Financial Inclusion

Official Logo of the Third International Conference on Financing for Development

Many people, especially women, still lack access to financial services, as well as financial literacy, which is a key for social inclusion.Financial access means access to a full suite of financial services, provided with quality, for everyone who can use financial services, thereby leading to an increase financial capability.

The Outcome Document adopted at the the Third International Conference on Financing for Development (Addis Ababa, Ethiopia, 13–16 July 2015) called for the establishment of a Technology Facilitation Mechanism to be launched at the UN summit for the adoption of the post-2015 development agenda. The Technology Facilitation Mechanism will be based on a multi-stakeholder collaboration between Member States, civil society, the private sector, the scientific community, United Nations entities and other stakeholders and will be composed of a United Nations inter-agency task team on science, technology and innovation for the sustainable development goals, a collaborative multi-stakeholder forum on science, technology and innovation for the sustainable development goals and an online platform called for a full and equal access to formal financial services for all. Member States will adopt or review their financial inclusion strategies, in consultation with relevant stakeholders, and will consider including financial inclusion as a policy objective in financial regulation, in accordance with national priorities and legislation.

Cooperatives through their microfinance services are able to reach the moderate, vulnerable and part of the extreme poor whereas the usual commercial banks would only be able to target the non-poor and wealthy clients. Financial institutions such as 7 cooperatives and credit unions thus offer comparative advantages through the provision of a variety of financial services that reaches members who are otherwise excluded from traditional loans and savings scheme such as the poor, people living in remote areas, indigenous people, women and youth.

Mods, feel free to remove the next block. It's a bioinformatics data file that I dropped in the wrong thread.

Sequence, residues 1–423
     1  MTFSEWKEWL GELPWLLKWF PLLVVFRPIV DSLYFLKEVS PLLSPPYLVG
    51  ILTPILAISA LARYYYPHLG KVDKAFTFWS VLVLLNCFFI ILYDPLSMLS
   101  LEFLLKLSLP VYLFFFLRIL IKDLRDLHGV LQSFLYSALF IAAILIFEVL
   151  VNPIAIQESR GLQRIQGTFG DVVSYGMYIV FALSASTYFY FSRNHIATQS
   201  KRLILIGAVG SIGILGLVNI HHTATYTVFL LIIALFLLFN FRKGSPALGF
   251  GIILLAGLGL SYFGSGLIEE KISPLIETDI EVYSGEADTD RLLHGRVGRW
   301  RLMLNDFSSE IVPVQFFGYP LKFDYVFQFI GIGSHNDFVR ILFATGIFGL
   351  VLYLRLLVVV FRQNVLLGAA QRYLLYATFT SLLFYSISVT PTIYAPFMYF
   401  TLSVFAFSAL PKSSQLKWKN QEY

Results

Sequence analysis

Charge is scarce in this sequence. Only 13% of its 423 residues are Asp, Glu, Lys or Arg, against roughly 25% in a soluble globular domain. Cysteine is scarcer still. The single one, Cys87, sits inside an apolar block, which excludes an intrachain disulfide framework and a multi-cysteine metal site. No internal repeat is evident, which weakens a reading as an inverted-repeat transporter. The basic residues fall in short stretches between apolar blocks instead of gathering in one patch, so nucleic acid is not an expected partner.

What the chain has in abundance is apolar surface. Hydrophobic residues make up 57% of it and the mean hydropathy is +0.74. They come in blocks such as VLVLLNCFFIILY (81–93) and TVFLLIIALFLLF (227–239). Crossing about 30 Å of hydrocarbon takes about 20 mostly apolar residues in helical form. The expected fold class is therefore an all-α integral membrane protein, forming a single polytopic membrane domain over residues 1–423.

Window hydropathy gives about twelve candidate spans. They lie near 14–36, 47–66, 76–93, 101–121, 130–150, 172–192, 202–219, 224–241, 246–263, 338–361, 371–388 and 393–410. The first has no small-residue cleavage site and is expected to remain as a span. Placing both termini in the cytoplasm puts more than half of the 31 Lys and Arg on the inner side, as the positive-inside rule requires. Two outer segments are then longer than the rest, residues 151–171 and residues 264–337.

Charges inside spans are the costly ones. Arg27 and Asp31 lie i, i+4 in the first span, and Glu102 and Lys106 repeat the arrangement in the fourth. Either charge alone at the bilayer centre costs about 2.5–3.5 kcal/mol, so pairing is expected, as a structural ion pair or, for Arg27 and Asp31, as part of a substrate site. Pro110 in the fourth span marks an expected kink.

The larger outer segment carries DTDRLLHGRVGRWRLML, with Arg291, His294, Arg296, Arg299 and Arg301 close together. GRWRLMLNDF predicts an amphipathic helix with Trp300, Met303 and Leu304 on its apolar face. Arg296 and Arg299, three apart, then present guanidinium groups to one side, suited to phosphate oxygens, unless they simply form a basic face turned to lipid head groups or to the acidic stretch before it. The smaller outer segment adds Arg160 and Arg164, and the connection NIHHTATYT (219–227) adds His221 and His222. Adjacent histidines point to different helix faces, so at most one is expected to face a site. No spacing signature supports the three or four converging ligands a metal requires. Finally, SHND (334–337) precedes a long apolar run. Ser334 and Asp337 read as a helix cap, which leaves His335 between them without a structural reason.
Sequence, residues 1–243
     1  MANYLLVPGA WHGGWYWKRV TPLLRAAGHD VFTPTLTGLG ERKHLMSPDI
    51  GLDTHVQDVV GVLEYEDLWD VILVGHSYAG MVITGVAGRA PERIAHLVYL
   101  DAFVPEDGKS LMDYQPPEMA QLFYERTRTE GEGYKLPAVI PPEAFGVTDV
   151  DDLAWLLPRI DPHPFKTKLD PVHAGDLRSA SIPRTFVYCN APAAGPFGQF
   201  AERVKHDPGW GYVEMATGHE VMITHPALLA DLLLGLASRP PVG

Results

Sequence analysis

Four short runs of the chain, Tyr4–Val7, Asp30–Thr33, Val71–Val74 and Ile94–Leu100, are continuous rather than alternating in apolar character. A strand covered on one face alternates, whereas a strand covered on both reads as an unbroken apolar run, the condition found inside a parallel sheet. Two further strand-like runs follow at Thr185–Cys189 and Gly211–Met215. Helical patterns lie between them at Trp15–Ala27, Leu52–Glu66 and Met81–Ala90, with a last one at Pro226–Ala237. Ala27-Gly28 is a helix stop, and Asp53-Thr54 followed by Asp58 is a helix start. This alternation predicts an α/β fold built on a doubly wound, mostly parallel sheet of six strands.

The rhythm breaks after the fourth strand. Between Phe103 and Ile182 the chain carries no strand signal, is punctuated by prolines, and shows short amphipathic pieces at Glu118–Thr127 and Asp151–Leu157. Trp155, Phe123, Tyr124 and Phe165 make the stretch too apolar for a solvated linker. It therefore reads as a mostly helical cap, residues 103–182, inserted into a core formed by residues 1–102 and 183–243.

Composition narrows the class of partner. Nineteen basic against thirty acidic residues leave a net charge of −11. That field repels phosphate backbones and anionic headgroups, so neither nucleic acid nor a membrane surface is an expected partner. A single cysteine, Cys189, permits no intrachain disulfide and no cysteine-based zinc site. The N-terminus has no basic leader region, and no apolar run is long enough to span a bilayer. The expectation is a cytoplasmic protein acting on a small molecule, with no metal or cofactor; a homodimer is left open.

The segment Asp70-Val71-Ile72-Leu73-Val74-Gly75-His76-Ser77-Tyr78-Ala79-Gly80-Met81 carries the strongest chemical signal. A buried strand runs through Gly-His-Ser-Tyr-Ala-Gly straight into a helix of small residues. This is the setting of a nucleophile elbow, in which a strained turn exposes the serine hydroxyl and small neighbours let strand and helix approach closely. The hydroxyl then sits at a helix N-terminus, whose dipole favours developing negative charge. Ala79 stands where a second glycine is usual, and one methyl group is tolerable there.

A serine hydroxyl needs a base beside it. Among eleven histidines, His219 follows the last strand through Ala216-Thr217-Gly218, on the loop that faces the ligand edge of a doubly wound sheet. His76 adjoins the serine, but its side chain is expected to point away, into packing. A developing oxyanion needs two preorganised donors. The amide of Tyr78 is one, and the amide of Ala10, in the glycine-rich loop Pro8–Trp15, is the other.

Persons with disabilities continue to face exclusion and discrimination in their communities, including in areas of education, employment and healthcare. Evidence indeed indicates that the promotion of inclusive development for persons with disabilities is beneficial for all in development. In order to ensure inclusive and necessary support services for persons with disabililites (including social protection aimed at the full inclusion of persons with disabilities), it is important for the development agenda to recognize and include persons with disabilities in development. This includes adequately financing for disability-relevant services and support.

2.5 billion – more than half of the world’s working adults- are excluded from financial services. This is most acute among low-income populations in emerging and developing economies, where approximately 80% of poor people are excluded. Access to financial and social assets is a key contributing factor to help youth make their own economic decisions and escape poverty. Providing young people with financial services—whether a safe place to save or an appropriately structured loan for investment in an enterprise or education can promote entrepreneurship and asset building, and emphasize sustainable livelihoods. The financial component is especially effective for youth when complemented with training in entrepreneurship and financial literacy, and mentorship opportunities.


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